France’s Macron marks bicentenary of Napoleon’s death

Numerous past presidents have shunned commemorating Napoleon Bonaparte, a divisive figure in France.

The anniversary was a time for 'enlightened commemoration' though not celebration, Macron said [Christophe Petit Tesson/AFP]
The anniversary was a time for 'enlightened commemoration' though not celebration, Macron said [Christophe Petit Tesson/AFP]

President Emmanuel Macron laid a wreath at Napoleon Bonaparte’s tomb on Wednesday, commemorating the bicentenary of the death of an emperor who overthrew the nascent Republic before expanding France’s empire in bloody battles across Europe.

Numerous past presidents have shunned paying tribute to one of France’s most divisive leaders, but in a speech at the Institut de France, established by Napoleon on the banks of the river Seine, Macron said history should be confronted.

Napoleon was to some a military genius, a moderniser and national hero. To others, he was an imperialist, warmonger and enslaver.

The anniversary was a time for “enlightened commemoration” though not celebration, Macron said. He described Napoleon’s decision to restore slavery as a betrayal but praised a man who helped shape modern-day France.

“Few destinies have shaped so many lives beyond their own,” Macron said of the man who seized power in a coup in 1799 and died in exile on the island of Saint Helena in 1821 having briefly ruled over most of Europe.

“If his splendour resists the erosion of time, it is because his life carries in each of us an intimate echo,” Macron said. “Napoleon is a part of us.”

French President Emmanuel Macron and his wife Brigitte Macron leave the Saint-Louis cathedral in the Invalides National Hotel [Christophe Petit Tesson/AFP]

Controversial figure

When Napoleon seized power, he overthrew France’s first republic that was established in the wake of the 1789 revolution that abolished the monarchy.

Renowned for his military prowess, he clocked up a series of victories, including at the Battle of Austerlitz, which resulted in a French empire that encompassed most of continental Europe.

While building and reforming at home at a furious pace – including France’s penal code and its administrative system of prefets and Lycee high schools that exist to this day – he also reversed gains for women and a ban on slavery introduced under the first republic.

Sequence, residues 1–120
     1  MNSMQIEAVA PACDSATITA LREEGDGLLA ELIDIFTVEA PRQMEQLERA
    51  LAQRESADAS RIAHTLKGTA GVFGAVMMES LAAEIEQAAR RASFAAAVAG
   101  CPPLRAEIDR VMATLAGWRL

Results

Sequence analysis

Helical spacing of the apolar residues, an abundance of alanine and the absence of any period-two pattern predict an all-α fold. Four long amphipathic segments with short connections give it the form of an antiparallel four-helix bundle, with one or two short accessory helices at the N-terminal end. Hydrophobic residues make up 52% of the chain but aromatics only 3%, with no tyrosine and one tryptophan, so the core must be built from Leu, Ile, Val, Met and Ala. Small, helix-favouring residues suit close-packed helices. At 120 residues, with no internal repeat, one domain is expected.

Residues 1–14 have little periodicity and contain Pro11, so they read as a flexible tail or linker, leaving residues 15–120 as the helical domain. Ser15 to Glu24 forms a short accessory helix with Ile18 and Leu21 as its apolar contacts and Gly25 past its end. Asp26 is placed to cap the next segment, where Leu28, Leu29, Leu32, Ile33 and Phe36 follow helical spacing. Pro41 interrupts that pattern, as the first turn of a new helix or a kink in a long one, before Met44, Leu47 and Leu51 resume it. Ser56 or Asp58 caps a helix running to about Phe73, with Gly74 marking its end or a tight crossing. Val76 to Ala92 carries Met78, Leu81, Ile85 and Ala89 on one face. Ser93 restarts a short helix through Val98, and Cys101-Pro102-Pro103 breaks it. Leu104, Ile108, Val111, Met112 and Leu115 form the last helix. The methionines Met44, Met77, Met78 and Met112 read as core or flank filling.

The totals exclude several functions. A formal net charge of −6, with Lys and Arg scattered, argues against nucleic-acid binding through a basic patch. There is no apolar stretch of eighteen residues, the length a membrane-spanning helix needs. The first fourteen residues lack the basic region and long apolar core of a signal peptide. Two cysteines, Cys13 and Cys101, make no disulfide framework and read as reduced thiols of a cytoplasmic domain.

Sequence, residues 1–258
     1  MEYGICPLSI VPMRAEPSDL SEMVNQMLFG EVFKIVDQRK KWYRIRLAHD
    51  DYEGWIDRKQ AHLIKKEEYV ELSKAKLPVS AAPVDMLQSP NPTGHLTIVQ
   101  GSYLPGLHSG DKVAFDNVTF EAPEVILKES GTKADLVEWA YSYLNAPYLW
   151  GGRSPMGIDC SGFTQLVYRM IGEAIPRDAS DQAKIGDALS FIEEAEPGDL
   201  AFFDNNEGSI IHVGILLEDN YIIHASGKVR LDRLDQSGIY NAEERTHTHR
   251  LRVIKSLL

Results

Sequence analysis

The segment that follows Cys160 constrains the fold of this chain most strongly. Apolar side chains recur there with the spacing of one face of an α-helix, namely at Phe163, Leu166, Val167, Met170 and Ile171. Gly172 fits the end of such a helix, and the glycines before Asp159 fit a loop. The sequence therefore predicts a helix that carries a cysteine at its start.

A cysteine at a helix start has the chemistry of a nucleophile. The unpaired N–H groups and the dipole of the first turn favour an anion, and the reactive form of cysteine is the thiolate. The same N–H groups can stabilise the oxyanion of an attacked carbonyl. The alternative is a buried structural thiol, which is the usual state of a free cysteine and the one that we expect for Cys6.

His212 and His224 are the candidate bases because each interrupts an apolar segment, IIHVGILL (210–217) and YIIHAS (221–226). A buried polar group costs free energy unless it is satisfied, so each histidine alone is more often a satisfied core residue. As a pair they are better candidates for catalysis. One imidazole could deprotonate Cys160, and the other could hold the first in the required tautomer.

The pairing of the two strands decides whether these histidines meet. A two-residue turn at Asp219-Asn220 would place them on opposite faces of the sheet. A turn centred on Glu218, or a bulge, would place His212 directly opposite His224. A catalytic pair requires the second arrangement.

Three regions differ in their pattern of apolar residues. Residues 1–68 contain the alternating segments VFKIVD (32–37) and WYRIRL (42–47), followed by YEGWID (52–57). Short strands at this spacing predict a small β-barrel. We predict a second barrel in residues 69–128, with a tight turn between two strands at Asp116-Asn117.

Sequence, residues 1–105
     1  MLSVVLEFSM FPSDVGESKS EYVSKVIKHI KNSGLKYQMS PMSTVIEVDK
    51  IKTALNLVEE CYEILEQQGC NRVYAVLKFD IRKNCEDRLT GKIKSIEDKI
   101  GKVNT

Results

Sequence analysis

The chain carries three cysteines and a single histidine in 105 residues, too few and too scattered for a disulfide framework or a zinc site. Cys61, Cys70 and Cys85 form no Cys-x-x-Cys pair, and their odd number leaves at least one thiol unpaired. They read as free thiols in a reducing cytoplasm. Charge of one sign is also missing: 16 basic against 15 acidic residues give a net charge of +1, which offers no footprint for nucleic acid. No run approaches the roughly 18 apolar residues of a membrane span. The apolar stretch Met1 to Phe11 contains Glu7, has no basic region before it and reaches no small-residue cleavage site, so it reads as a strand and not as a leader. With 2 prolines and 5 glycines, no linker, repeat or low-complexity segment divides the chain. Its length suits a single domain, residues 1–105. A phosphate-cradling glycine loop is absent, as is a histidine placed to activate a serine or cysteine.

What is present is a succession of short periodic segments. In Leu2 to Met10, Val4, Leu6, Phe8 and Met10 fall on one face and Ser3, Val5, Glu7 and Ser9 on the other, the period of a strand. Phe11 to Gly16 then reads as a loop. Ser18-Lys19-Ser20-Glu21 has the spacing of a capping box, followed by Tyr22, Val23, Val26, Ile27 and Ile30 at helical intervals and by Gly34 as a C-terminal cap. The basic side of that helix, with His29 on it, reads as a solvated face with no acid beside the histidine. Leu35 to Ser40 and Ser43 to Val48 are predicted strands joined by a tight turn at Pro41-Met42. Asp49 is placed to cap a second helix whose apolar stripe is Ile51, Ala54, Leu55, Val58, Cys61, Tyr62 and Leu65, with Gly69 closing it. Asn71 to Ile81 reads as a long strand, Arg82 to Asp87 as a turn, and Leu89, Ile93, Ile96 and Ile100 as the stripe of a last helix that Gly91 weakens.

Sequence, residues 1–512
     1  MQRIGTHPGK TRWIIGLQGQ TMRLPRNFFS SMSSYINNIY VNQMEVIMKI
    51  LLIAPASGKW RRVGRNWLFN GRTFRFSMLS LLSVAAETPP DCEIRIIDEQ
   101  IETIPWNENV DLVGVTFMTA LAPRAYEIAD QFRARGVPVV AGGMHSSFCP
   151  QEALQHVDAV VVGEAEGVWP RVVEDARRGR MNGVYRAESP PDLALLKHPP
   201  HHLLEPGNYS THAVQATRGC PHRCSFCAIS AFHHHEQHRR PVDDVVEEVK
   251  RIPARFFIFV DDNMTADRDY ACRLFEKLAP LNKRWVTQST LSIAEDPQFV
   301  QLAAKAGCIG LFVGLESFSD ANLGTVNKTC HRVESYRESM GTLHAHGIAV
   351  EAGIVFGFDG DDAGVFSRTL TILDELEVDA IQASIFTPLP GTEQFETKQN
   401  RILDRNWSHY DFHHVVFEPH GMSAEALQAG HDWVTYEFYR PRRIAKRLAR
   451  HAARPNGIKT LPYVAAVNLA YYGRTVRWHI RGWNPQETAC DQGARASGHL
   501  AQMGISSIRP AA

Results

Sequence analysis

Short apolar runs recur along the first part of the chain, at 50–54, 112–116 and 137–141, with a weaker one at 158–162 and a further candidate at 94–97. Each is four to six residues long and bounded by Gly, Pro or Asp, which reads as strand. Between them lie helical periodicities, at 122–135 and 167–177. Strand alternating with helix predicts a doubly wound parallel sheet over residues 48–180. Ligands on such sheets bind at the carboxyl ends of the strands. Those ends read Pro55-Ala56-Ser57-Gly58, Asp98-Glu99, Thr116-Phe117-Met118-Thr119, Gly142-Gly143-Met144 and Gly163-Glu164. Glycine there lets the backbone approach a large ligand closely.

Slavery was re-established in French colonies from 1802, a move seen by some as being motivated by a desire to dominate the Caribbean sugar trade in the face of competition from arch-enemy England.

Mathilde Larrere, a French historian, believes there was a “racist dimension” to the decision, while France’s Equality Minister Elisabeth Moreno called him “one of the biggest misogynists” to walk the Earth.

Writing in The New York Times recently, American scholar Marlene Daut called Napoleon “an icon of white supremacy” in a column that condemned the  commemorations in France.

Outside Les Invalides where Napoleon’s tomb lies, several dozen pro-Napoleon supporters chanted “Long live France, long live the emperor”.

“The life of Napoleon is an ode to political will. The path of a child from Ajaccio who became the master of Europe shows clearly that a man can change the course of history,” said Macron, France’s youngest leader since Napoleon.

The anniversary had become deeply politicised in a country that is one year out from a presidential election.

Macron and his wife Brigitte Macron stand in front of Napoleon’s tomb [Christophe Petit Tesson/AFP]
In the build-up to Wednesday’s anniversary, some 160 French institutions from schools to museums signed up for events grouped under the “Annee Napoleon 2021” label.

For some, Napoleon is a reminder of French grandeur and strength.

“Why shouldn’t we celebrate Napoleon?” far-right nationalist leader Marine Le Pen told France Inter radio on Tuesday.

“He did so much for the country, and he gave so much to the world,” she added

Others by contrast urged Macron to downplay the anniversary, saying it constituted a black stain in the country’s history.

“The Republic should not pay an official homage to the person who buried the first republican experience of our history by installing an authoritarian regime,” left-winger Alexis Corbiere wrote in Le Figaro newspaper in March.

Thomas Guenole, a French political scientist, told Al Jazeera it was necessary to take into consideration the entirety of his legacy.

“You have to take all the main things into account and not say he was the one to re-establish slavery or he was a great military genius,” Guenole told Al Jazeera. “Otherwise it’s intellectually dishonest.”

“[But] I do think that it is an absolute waste of time, I mean we are wasting a worldwide recession and a gigantic pandemic and we are wasting time [to discuss] whether Napoleon Bonaparte was or was not a bad guy.”

Source: Al Jazeera and news agencies

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